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This Day in WWII 7 October 1940 - 1944 **1949

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BuickAd-Oct1942.jpg

Buick Ad - October 1942

 

1940: German troops enter Romania to 'help restrain the Army'.

 

1940: Beaverbrook announces gifts received for aircraft purchases now total £6,098,826.

 

Leslie%20Parrish1.jpg *Leslie Parrish

 

1941: Finland rejects a British demand to cease fighting the Soviet Union.

 

1941: German advance on Moscow continues with the capture of Vyasma. Stalin lifts ban on religion in Russia to boost morale.

 

Leslie%20Parrish2.jpg Leslie Parrish

 

1941: Curtin becomes the Prime Minister of Australia.

 

1943: The RAF bombs Stuttgart making use of the Airborne 'Cigar' jamming device, killing 1,700 and making 18,000 homeless.

 

Leslie%20Parrish3.jpg Leslie Parrish

 

1943: The U.S. Fifth Army is halted by German defenses along River Volturno, 20 miles North of Naples.

 

1943: Japanese execute approximately 100 American POWs on Wake Island.

 

BuickAd-Oct1943.jpg Buick Ad - October 1943

 

1944: The 20th Gebirgsjäger Army retreats towards northern Norway in the face of strong Soviet attacks.

 

1944: A revolt by Jewish slave laborers at Auschwitz-Birkenau results in complete destruction of Crematory IV.

 

Leslie%20Parrish4.jpg Leslie Parrish

 

1944: The Eighth Army resumes its attacks on the Gothic Line. The British reach Corinth, land at Nauplion and take the island of Samos.

 

**1949: Iva Toguri D'Aquino, better known as Tokyo Rose, is sentenced to 10 years in prison for treason.

 

Leslie%20Parrish5.jpg Leslie Parrish

 

*Leslie Parrish was born March 13, 1935 in Melrose, Massachusetts. She later lived in Upper Black Eddy, Pennsylvania, and was a promising piano student at the Philadelphia Conservatory of Music. She discovered that by modeling she could earn more money than as a concert pianist. She came to New York City in November 1953. Before modeling she worked as a waitress in a diner.

 

She joined the Home Theatre Group of professional performers who put on plays at a private theater in Hollywood. Ruth Warrick and Mark Herron were also members. Parrish believed the experience of facing a live audience made her a better actress and more capable of transforming a scripted part into a three-dimensional human being.. She starred under her birth name, Marjorie Hellen, until she changed it in 1959.

 

Parrish signed with 20th Century Fox in 1954, when she was 19. The studio gave her statistics as 5 feet 6 inches, with measurements of 35-24-34. Her hair is reddish gold, and she has gray eyes with a cream complexion. In May 1956, Parrish signed a contract with Metro-Goldwyn-Mayer. Her two most notable roles are as lithe Daisy Mae in "Li'l Abner" (1959) and as the doomed Jocelyn Jordan in "The Manchurian Candidate" 1962).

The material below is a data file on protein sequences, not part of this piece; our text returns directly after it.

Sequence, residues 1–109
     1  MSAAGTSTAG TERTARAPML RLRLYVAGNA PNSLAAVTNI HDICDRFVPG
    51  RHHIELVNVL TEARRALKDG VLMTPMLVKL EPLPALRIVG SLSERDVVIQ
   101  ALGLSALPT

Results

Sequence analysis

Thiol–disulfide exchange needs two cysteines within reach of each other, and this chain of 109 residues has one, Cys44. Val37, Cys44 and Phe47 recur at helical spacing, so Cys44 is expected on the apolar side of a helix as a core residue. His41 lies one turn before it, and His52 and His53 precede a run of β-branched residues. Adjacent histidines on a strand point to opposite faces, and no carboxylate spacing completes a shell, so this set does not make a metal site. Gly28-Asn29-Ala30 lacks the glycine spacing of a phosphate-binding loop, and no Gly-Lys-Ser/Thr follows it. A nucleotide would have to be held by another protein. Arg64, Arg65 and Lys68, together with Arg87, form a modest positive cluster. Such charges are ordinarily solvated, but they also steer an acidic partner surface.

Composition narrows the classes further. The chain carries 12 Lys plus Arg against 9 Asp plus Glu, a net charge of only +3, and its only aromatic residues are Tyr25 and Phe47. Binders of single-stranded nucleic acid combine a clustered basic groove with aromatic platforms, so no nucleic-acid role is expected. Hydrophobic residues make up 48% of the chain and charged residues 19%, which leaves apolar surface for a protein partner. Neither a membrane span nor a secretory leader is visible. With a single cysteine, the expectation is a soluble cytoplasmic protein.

Leslie%20Parrish6.jpg Leslie Parrish

 

In "Portrait of a Mobster" (1961) Parrish plays the wife of a detective who consorts with criminals. She is the daughter of a bootlegger who rebuffs the advances of Dutch Schultz, played by Vic Morrow. Eventually she becomes disillusioned with the corruption among the police force, and she leaves her husband to live with Schultz.

 

She made a number of films of the B-movie and science fiction genres. Among these are "Sex and the Single Girl" (1964), "Three on a Couch" (1966), "The Money Jungle" (1968), "The Candy Man" (1969), "The Devil's 8" (1969), "Brother, Cry For Me" (1970), and "The Giant Spider Invasion" (1975).

 

Leslie%20Parrish7.jpg Leslie Parrish

 

In 1954, NBC-TV borrowed the studios of WPIX every weekday morning. Parrish was employed by NBC as its "human test pattern" in regard to color tones. She sat for hours on a stool in front of color cameras, while engineers adjusted the tints and the lighting, and worked with costumes in different tints. Parrish was seldom seen on WNBC, Channel 4, since most of her color work was performed on closed-circuit television.

 

Parrish was in an episode of the Kraft Suspense Theatre "The Kamchatka Incident" (1964). She performed with John Forsythe in a drama which concerned a U.S.-bound airplane's encounter with Russian fighter planes above Siberia. She has made numerous television appearances, including a role in the "Star Trek" episode "Who Mourns for Adonais?" (1967), in which Parrish plays Lieutenant Carolyn Palamas, who becomes the lust object of the Greek god Apollo. In the 1971 series "Bearcats!", she played Liz Blake, an ex-love of lead character Hack Brackett, who is helped by him when her oil business is threatened by a series of mysterious fires. She also appeared on the TV show "The Wild Wild West" (1965) playing "Greta Lundquist" in episode: "The Night the Wizard Shook the Earth" and playing "Morn" in episode: "The Night of the Flying Pie Plate". On "Batman" (1966) playing "Dawn Robin" in episode: "Fine Feathered Finks" and playing "Glacia Glaze" in episode: "Ice Spy". She also played "Karen" in the 1971 episode of "Hogan's Heroes" titled "Kommandant Gertrude".

In the TV series "Logan's Run" (1977), Parrish played the commander of an alien space ship on a Noah's Ark-type mission to gather and study specimens of beings from planets in different solar systems.

 

Parrish married Eric Marlow in 1956 and divorced him in May 1961.

 

She married Richard Bach, the author of Jonathan Livingston Seagull, in 1977, whom she met during the making of the movie of the same name. She was a major element in two of his subsequent books The Bridge Across Forever and One which primarily focused on their relationship and Bach's concept of soulmates. They divorced amicably in 1999.

 

TRIVIA:

Height: 5' 6" (1.68 m)

Measurements: 35-24-34

 

BuickAd-Oct1944.jpgBuick Ad - October 1944

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